Soccer looks random to my untutored eye and perhaps it is:
Eli Ben-Naim, Sidney Redner and Federico Vazquez at the Los Alamos National Laboratory in New Mexico decided to look at unpredictability of results – how often a team with a worse record overcomes an apparently superior one – as the best measure of how exciting a league is. "If there are no upsets, then every game is predictable and hence boring," says Ben-Naim.
The team analysed results from more than 300,000 games over the last century from the US’s national hockey, football, baseball and basketball leagues and the top English football league. Rugby and cricket were omitted because they do not have a big following in the US.
Their results showed that the "upset frequency" was highest for soccer, followed by baseball, hockey, basketball and finally American football. But when they looked only at data from the past 10 years, the English football Premiership and baseball swapped places, which suggests that soccer might have become more predictable in recent years.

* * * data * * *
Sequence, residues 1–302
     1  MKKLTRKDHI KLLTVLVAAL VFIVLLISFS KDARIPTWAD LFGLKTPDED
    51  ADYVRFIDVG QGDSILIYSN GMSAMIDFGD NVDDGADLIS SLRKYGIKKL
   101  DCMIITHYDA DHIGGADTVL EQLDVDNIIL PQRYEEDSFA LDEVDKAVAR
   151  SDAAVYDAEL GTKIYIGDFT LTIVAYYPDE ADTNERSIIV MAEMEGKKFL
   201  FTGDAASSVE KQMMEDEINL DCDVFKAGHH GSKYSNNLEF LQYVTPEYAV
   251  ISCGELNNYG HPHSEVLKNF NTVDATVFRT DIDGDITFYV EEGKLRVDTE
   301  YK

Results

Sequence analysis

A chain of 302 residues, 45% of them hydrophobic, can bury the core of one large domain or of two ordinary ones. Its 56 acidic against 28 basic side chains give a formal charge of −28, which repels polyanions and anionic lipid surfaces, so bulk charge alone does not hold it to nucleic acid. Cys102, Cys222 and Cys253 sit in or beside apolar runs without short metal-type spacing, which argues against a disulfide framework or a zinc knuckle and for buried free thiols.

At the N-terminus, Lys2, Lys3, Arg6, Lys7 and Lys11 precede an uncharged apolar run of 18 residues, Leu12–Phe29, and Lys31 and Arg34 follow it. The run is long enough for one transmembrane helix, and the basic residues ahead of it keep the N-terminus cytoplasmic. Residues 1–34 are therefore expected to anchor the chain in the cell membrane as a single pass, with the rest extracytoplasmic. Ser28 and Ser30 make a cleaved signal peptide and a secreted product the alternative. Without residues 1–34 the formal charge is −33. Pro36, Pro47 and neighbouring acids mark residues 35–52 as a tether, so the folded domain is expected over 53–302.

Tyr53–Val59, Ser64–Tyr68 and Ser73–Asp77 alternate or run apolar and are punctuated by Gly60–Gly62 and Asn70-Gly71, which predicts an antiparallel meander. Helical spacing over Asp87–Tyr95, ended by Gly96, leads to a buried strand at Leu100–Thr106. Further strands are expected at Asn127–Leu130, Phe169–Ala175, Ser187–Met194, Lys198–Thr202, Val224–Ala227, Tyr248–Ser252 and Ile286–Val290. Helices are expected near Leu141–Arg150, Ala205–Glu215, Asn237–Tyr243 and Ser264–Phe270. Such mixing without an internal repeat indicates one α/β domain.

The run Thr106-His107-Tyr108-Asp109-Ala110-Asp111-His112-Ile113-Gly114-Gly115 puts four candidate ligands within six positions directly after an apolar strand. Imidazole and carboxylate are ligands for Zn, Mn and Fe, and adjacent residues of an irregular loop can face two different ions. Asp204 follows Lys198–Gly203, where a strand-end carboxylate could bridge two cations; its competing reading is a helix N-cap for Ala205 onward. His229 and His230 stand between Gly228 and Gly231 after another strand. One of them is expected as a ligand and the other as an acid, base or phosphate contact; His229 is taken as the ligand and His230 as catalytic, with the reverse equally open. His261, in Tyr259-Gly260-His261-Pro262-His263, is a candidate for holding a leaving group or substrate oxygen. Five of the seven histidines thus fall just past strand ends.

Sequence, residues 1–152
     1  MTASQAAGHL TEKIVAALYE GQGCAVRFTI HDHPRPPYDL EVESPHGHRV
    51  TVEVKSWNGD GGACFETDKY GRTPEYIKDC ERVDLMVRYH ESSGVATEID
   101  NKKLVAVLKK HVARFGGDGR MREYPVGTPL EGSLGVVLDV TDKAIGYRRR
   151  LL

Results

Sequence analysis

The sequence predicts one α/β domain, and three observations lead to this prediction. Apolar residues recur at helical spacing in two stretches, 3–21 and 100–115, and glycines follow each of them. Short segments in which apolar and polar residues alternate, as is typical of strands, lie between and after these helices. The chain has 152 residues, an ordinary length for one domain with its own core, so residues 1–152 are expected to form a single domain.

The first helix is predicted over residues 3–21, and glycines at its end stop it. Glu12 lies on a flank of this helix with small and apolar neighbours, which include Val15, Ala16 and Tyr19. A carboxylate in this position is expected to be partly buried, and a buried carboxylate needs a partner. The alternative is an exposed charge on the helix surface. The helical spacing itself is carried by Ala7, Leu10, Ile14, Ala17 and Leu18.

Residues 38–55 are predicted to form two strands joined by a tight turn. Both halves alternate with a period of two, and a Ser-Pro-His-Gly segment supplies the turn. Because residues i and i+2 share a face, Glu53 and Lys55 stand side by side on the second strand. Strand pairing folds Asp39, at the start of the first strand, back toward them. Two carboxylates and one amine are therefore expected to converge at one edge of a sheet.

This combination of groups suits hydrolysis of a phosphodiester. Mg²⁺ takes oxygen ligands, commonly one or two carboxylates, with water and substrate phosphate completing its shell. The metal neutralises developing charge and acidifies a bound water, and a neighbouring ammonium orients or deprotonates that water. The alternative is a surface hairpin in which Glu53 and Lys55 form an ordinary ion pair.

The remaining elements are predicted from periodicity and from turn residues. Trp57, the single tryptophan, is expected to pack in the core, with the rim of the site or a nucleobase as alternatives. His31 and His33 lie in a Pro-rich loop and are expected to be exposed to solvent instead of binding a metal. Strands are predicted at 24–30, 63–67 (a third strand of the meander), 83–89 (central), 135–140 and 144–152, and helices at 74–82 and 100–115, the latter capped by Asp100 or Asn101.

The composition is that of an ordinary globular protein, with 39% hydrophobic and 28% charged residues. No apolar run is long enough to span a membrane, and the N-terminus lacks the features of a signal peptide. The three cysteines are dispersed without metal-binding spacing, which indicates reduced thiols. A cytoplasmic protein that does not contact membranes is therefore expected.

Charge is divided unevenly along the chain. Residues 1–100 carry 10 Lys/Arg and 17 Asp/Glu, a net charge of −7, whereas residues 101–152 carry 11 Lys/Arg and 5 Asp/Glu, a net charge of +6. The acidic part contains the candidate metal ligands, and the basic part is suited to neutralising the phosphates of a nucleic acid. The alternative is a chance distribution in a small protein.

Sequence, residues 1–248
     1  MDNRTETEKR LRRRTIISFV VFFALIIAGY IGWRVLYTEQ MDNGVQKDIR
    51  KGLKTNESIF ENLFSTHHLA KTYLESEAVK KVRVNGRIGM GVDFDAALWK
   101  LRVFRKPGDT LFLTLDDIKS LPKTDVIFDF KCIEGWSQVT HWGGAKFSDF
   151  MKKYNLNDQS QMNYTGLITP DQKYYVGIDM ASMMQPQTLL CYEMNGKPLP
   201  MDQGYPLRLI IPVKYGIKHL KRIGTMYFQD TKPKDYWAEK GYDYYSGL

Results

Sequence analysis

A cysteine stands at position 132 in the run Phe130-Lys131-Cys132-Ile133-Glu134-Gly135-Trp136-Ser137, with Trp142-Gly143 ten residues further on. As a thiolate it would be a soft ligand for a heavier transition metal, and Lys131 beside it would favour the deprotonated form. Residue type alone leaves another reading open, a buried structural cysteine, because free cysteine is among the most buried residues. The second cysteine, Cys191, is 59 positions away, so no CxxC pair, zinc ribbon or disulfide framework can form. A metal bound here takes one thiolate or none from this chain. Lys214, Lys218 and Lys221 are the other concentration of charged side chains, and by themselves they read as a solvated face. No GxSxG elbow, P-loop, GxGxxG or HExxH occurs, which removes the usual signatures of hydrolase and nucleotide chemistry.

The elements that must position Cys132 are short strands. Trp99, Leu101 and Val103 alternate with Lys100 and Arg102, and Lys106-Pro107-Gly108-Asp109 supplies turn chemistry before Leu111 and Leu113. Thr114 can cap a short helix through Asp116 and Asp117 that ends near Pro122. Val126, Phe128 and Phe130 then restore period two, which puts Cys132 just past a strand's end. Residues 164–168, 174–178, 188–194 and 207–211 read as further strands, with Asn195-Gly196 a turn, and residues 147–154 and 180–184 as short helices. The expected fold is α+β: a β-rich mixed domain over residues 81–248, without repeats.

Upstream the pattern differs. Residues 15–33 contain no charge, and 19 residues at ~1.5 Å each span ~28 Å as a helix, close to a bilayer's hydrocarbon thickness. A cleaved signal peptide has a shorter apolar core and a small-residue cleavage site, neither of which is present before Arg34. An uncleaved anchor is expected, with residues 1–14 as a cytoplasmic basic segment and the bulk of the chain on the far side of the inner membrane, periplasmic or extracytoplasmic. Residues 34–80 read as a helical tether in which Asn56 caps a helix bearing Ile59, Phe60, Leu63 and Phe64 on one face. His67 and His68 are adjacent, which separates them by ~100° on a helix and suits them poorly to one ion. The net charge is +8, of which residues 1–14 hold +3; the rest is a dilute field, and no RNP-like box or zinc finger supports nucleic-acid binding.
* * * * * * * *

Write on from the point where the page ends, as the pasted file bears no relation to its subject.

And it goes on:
Here is the story. I have long favored basketball. In any given year, barring major trades or injuries, only three or four teams (if that) have any chance of winning the title. You know who the titans are, and you know who the peons are. Limiting randomness and divvying up the ponds in this fashion boosts suspense and status. The old Celtics-Lakers match-ups were ideal. The league is driven by star teams and players, so let’s promote those stars. Chess has the same property, but a few good pitching nights can turn a World Series around.
The implied prediction is that basketball and football will have large bases of casually informed fans, typically relying on mass media. Baseball and soccer will have more fanatics, more trivia contests, and will be more deeply rooted in niche media. You have to know about many players and teams to figure out what is going on, who is likely to win, and why.